P.S. I Like You As A Friend
Category: P.S. I Love You Reviews | Posted by: stagewomanjen
Article Date: May 28, 2008 | Publication: matchflick.com | Author: Thom
Favorite Movie Quote: "I didn't come here for you to give me some bullsh*t honest answer. Why can't you lie to me just once?"
I hated Harry Connick Jr. in this movie. I had to get that out of the way because it was foremost in my mind; I liked him in both Independence Day and Hope Floats, but in this he was miscast and given a really, really bad haircut.
P.S. I Love You is one of those movies that is unabashedly going for tears before the audience even puts their asses in the seats. Basically, Gerry Kennedy (Gerard Butler) dies - the memorial service is the second sequence/scene of the movie - and his widow, Holly Kennedy (Hillary Swank), has no life without him. Knowing that she would have great difficulty letting go and moving on, Gerry decides to leave a series of letters, messages, and tasks for Holly that are designed to help her - not to forget him, but to remember her self. How Gerry and Holly met, as well as why she loved him so much, comes to light in a series of flashbacks.
The strength of the movie is Gerard Butler; Gerry is painted as a fantasy man - he's foreign with a sexy accent, plays the guitar and sings, has a perfect body, has a great sense of humor, and is unflappably confident in both himself and his love for Holly - who is alive for 97% of the film only as a flashback. If you think about it, his is the greatest challenge. In short, if you don't fall in love with Gerry, the whole story is going to collapse, and every time he's on screen the camera and all the characters gravitate towards him.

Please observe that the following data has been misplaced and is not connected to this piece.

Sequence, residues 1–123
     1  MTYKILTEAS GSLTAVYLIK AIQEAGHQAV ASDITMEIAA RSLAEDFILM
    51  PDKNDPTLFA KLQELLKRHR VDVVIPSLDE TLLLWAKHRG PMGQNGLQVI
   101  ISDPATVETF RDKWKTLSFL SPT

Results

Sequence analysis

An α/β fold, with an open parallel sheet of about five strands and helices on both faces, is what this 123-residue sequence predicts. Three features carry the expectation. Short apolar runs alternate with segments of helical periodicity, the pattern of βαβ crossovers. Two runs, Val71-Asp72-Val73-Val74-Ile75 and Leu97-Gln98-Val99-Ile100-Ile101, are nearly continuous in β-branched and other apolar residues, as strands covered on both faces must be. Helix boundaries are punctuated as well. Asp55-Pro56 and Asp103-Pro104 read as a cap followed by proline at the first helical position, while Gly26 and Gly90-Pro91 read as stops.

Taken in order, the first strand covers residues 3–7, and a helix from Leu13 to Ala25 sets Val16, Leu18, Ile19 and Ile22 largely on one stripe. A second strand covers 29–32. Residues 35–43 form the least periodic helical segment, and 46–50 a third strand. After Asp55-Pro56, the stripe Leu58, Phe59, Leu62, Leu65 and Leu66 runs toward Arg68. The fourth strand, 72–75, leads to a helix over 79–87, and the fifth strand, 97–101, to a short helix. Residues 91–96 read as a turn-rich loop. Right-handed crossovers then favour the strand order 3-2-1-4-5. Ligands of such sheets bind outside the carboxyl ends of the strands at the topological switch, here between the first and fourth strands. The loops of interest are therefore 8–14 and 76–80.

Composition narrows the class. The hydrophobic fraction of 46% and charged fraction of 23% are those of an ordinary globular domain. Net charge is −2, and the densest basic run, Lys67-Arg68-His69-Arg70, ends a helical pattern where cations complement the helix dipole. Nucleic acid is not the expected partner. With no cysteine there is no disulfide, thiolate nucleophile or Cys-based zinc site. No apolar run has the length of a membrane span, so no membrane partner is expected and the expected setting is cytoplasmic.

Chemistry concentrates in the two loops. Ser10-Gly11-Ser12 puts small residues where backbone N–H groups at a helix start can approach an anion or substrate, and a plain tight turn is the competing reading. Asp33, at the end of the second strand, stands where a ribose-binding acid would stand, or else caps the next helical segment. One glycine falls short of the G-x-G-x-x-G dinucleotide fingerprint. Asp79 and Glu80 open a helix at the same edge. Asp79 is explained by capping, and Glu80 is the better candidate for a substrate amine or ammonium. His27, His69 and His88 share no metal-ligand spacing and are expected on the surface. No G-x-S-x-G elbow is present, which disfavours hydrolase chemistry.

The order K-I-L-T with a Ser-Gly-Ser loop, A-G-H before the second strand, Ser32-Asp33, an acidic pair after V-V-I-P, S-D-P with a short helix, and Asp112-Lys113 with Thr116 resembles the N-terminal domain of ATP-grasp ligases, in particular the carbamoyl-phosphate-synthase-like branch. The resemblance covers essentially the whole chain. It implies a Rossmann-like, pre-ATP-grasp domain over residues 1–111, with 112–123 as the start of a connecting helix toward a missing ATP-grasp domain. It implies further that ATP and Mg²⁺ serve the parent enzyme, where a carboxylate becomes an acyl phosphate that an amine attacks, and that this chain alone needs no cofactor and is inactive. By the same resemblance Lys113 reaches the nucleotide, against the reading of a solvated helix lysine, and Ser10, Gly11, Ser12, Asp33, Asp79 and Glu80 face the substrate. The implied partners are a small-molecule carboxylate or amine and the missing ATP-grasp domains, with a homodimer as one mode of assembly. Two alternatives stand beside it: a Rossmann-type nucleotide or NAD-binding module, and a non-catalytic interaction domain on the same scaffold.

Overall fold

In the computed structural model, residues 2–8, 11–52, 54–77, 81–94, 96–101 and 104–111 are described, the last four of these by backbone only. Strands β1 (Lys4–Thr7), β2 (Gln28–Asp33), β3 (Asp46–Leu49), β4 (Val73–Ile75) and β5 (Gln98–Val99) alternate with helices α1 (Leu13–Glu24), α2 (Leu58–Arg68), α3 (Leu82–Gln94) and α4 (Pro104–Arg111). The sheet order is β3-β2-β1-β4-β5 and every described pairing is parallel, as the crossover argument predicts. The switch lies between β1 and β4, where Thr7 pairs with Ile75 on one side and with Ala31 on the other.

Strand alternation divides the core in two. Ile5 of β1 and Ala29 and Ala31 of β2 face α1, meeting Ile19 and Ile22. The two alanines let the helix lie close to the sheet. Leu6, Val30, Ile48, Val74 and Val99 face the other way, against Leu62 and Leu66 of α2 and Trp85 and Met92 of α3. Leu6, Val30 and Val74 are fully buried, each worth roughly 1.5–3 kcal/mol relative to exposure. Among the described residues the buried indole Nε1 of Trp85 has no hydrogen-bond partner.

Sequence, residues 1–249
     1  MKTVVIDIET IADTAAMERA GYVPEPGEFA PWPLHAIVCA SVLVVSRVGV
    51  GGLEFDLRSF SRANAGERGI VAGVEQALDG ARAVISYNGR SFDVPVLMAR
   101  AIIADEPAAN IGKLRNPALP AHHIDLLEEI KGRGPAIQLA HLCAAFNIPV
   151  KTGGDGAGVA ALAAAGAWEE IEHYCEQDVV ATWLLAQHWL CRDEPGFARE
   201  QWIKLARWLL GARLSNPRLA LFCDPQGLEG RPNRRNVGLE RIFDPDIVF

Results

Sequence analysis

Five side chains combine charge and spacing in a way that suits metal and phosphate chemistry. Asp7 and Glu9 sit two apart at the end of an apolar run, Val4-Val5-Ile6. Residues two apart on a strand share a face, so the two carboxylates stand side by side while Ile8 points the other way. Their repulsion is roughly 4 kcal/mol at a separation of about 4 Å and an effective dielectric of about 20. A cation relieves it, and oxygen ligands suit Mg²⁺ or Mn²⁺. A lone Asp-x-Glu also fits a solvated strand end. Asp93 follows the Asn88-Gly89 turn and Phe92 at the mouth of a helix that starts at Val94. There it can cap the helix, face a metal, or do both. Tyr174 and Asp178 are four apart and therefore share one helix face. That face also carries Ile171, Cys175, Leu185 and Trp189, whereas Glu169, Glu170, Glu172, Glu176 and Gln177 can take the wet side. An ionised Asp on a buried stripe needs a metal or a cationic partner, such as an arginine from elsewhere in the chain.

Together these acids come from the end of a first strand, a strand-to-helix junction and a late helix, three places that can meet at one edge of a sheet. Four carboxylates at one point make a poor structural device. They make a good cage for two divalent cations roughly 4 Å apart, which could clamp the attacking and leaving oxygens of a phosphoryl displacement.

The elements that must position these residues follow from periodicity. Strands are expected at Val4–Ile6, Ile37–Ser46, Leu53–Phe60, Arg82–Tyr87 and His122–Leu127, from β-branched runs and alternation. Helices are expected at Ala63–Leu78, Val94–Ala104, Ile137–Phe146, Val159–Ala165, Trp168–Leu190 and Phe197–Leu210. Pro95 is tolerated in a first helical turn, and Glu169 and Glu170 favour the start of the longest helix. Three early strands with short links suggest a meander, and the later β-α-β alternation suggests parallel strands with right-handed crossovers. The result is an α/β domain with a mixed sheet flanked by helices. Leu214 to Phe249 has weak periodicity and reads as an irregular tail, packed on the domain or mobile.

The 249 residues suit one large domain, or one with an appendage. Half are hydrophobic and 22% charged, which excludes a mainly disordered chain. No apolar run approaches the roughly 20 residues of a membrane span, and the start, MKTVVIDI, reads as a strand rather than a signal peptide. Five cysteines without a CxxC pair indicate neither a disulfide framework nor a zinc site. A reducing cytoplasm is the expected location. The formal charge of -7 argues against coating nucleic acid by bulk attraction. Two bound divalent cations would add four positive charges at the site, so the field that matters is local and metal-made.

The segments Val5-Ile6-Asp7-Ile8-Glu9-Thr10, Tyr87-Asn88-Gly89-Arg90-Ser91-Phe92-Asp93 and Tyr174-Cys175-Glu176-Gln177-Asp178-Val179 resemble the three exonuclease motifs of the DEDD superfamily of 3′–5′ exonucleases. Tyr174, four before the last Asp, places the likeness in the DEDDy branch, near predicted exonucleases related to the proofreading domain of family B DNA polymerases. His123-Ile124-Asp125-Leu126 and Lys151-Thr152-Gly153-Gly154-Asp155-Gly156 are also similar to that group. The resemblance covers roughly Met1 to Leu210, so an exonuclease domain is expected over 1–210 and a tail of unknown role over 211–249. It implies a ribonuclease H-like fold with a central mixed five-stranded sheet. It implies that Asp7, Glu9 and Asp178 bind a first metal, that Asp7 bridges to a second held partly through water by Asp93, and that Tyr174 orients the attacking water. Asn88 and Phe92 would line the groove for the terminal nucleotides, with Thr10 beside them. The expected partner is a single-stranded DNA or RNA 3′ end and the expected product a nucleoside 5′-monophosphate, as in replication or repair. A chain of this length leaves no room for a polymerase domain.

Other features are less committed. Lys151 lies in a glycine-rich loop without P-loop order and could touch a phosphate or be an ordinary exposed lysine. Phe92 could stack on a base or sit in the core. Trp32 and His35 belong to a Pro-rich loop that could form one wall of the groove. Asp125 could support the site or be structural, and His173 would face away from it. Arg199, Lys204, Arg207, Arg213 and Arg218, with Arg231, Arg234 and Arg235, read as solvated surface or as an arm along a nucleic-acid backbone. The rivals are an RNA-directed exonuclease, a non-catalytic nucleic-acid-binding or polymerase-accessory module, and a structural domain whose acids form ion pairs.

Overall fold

Other things that stand out in the movie that I liked were the always capable Kathy Bates as Swank's mother, James Marsters (whoot, Spike) as Gerry's best friend, and Gerry's old Irish buddy (Jeffery Dean Morgan).
Personally, I thought that Swank, who was brilliant in Million Dollar Baby among other roles, was flat through most of the movie. Her best scenes are undeniably those shared with Butler (save the opening argument that seemed forced and obvious) where, just like the on-screen character he's portraying, Butler is magnetic. I saw why Holly loved Gerry; I don't know that I saw why Gerry loved Holly. But then, maybe that's the point.
I will say that the ending was somewhat pleasantly surprising and reversed what was going to be a thumb down into a thumbs up, if only a little.